I was in the grocery store and I was in a rush.
I fished around in my pocket for a bank note of some denomination and extracted it along with my mobile phone.
I fumbled for half a second before the phone careened towards the floor. Sadly, it landed over-easy instead of sunny-side-up and the phone’s screen turned into a spider’s web of jagged glass. It still worked, but if I texted too long my thumb began to leave a sticky red trail between keys, greatly slowing down my message transmission time. At the Official Genius Store, whence the phone came, a clerk told me it would be cheaper to buy a new phone than to replace the glass and that the switchover could be completed in seconds . . . for $400.
Aghast, I instead spoke to a colleague of mine, who seems to make it his life’s work to game the system, and he put me onto a small shop downtown where a clever entrepreneurial type ran a cash-only screen replacement operation. I went to check it out and marvelled at how quickly my phone was restored to tip-top working order, for a trifling $70. More remarkable than this economical repair, however, was the guy’s shop, which was lined wall-to-wall with crates of instant ramen noodle bowls. I asked him if he ran a sideline in soup.
He looked at me like I was crazy and then explained that he ate two to three bowls of the stuff every day. If you’ve ever looked at the nutritional information on the side of one of these noodle bowls you’ll know this guy was severely impeding his retirement plans by consuming 500 per cent of his sodium intake on a daily basis.
The origins of ramen are heavily disputed, but unfortunately much of the world knows it today by the 99-cent Styrofoam cups of dehydrated, deep-fried strings of food-like substance that expands in salty broth with desiccated onion flakes. This mainstream perception does a disservice to true ramen, which is one of the world’s greatest culinary marvels and, when done right, is a dish of exceptional complexity that explodes with bold flavour.
Luckily for us, places like Workshop Vegetarian Café are here to represent craft ramen and remind us that noodles are things of beauty, especially when immersed in lovingly rendered broth. As its name suggests, however, Workshop doesn’t serve ramen in broth made with pork bone-based stock (one of the better known ramen styles, tonkotsu, has a characteristically thick, cloudy stock because of the rendered fat and collagen from the pork bones and is the style upon which the instant soups attempt to draw). No, Workshop is a strictly a veggie affair, but rest assured, the absence of roasted bone byproducts in no way compromises the depth of flavour of the dishes here.
At first blush, Workshop appears to be a bakery/grocer and indeed there is a robust inventory of in-house baked goods, which includes dense and nourishing yeast bread, cookies, cinnamon buns, carrot cake, muffins and trail mix made with matcha, as well as a carefully curated selection of local, organic and healthful vegetables and sundries for sale. The space is bright and almost stark, with light wooden floors and displays giving the venue a disarming and down-to-earth, DIY charm. All items on Workshop’s menu are organic, wherever possible, and raw goods come from responsibly produced suppliers.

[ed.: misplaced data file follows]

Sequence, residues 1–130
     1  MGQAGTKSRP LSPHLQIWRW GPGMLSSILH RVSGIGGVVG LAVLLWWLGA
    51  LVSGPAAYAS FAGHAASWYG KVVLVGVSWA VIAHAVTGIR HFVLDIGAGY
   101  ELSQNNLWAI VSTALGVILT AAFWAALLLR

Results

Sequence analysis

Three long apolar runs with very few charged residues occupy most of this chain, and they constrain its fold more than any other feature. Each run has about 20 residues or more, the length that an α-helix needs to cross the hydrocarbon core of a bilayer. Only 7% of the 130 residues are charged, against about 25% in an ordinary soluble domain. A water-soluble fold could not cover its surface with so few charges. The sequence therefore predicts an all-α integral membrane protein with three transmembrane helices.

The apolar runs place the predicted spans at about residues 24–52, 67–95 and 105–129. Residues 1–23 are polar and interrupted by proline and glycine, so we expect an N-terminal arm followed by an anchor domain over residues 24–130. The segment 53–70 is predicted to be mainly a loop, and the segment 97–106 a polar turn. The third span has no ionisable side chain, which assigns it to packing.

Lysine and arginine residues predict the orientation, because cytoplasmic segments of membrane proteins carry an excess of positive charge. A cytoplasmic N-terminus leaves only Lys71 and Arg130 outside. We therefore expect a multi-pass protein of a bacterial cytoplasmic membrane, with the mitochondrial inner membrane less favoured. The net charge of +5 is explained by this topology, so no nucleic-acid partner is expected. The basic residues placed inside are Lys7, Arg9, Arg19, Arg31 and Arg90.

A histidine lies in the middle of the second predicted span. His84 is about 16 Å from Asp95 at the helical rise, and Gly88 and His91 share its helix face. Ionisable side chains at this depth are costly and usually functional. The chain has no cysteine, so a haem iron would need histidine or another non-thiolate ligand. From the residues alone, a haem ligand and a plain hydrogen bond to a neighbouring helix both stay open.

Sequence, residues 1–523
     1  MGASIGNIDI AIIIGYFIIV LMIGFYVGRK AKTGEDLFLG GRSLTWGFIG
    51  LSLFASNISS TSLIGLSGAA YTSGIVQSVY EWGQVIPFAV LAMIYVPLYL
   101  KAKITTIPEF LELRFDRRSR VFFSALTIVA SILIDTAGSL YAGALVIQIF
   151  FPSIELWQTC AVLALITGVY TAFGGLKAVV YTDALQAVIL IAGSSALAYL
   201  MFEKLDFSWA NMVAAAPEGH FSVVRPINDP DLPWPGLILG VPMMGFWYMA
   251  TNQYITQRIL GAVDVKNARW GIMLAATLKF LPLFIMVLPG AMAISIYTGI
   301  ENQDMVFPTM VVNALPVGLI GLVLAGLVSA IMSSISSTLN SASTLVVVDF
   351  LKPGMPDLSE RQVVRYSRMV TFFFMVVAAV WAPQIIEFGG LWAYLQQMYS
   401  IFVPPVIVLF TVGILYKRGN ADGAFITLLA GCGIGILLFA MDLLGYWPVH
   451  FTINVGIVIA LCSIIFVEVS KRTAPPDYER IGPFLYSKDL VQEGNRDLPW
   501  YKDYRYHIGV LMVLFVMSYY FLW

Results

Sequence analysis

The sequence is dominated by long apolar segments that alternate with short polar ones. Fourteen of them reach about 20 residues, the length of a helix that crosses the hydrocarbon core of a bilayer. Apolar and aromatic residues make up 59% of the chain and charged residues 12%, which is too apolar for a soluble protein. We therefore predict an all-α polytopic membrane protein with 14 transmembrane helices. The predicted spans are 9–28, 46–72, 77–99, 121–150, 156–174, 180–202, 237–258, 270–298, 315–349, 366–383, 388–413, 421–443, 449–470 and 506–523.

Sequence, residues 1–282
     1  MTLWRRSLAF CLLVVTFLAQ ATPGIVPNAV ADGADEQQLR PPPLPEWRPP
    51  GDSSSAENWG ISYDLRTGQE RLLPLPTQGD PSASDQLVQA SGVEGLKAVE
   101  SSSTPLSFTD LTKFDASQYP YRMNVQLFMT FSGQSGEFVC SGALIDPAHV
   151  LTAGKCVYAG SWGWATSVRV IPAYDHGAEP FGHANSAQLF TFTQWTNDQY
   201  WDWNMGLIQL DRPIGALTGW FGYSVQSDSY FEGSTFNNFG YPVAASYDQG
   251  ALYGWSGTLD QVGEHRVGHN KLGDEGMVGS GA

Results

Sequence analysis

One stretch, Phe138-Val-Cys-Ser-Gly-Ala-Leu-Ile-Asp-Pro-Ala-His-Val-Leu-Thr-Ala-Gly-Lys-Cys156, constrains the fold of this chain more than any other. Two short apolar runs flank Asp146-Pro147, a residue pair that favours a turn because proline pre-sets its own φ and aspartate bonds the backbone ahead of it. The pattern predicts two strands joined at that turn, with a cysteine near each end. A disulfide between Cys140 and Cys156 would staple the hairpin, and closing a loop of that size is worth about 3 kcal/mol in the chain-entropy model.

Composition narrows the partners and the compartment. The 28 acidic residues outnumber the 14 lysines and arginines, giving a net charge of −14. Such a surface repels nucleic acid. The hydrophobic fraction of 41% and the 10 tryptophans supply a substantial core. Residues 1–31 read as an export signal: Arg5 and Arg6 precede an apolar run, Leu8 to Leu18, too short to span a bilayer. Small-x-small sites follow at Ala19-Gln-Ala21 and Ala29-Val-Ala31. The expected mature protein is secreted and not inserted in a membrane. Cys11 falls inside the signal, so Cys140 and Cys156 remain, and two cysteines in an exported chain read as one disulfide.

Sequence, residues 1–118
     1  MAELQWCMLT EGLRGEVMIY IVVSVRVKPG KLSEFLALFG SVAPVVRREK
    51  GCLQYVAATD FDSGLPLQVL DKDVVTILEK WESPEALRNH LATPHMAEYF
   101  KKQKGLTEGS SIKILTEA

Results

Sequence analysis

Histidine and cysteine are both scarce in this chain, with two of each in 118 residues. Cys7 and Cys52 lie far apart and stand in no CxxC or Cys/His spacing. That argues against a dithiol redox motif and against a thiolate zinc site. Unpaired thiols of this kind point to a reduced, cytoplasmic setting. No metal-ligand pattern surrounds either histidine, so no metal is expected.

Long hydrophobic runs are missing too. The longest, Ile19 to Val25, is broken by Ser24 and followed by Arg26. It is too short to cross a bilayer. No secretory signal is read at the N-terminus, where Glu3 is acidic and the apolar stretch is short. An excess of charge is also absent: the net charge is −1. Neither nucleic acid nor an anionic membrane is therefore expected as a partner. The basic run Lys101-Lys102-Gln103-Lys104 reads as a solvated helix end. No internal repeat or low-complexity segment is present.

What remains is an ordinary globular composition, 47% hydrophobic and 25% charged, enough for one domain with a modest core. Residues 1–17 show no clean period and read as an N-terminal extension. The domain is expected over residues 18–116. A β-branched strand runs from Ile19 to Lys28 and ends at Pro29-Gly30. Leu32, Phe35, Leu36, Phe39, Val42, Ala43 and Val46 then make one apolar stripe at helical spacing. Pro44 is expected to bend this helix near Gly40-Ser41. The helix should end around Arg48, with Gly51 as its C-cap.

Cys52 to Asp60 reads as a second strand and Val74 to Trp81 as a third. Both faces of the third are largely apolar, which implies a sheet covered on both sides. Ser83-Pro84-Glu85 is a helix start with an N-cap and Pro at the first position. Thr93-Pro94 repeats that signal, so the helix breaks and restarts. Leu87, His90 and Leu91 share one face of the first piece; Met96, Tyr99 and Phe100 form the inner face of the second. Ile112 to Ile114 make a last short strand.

Based on my recent visit, during which the space was packed with keen diners, I would suggest that the ramen, udon and rice noodle bowls are the stars here.
First among the dishes sampled was Organic Spicy Tan Tan Ramen, featuring the signature wheat noodles drowned in a miso broth (this is the traditional Hokkaido approach to ramen) thickened with butternut squash and accompanied by kale, a mushroom and nut medley and rayu oil (made with chillies and sesame). The broth was thick and cloudy, with a clear cashew presence that leant the dish a buttery richness.
Mushrooms gave the broth an earthy lift and the miso, as you’d expect, supplied a tangy, salty punch. The rayu oil was a lot tamer than I expected and I wouldn’t characterize this dish as spicy, for those put off by the promise of heat. A soft-boiled organic egg, a nice option available on all dishes for just $1.80, made the Tan Tan Ramen a filling, hearty option.
The second dish sampled was Rice Noodles with Organic Cashew Sauce, seasoned with exceptionally fragrant, citrusy yuzu oil. The dish was lovely in its bright colours (julienned cabbage, apple, scallion and carrots top the dish, along with toasted nuts) and light, fresh flavours. As with the ramen, the dish achieved its round creaminess from the silky cashew paste in the sauce. Along for the ride on this visit was my 21-month-old daughter, Baby N, who enjoyed an order of toasted, preservative-free, organic, house-made yeast bread with peanut butter and jam.
Judging from the volume of patrons alone, I would suggest Workshop has certainly tapped into the ever-emerging Vancouver meta-trend of vegetarian, ethically produced food served in an approachable space. I think they’ll do well, as long as people remember they’re down there on a largely industrial strip of Pemberton Avenue.
Two entrees and the order of toast, along with a latte, was $37.50 before gratuity. Workshop Vegetarian Café is located at 296 Pemberton Ave. 604-973-0163 theworkshopvegetariancafe.com
Chris Dagenais served as a manager for several restaurants downtown and on the North Shore. He can be reached via email at firstname.lastname@example.org. North Shore News dining reviews are conducted anonymously and all meals are paid for by the newspaper.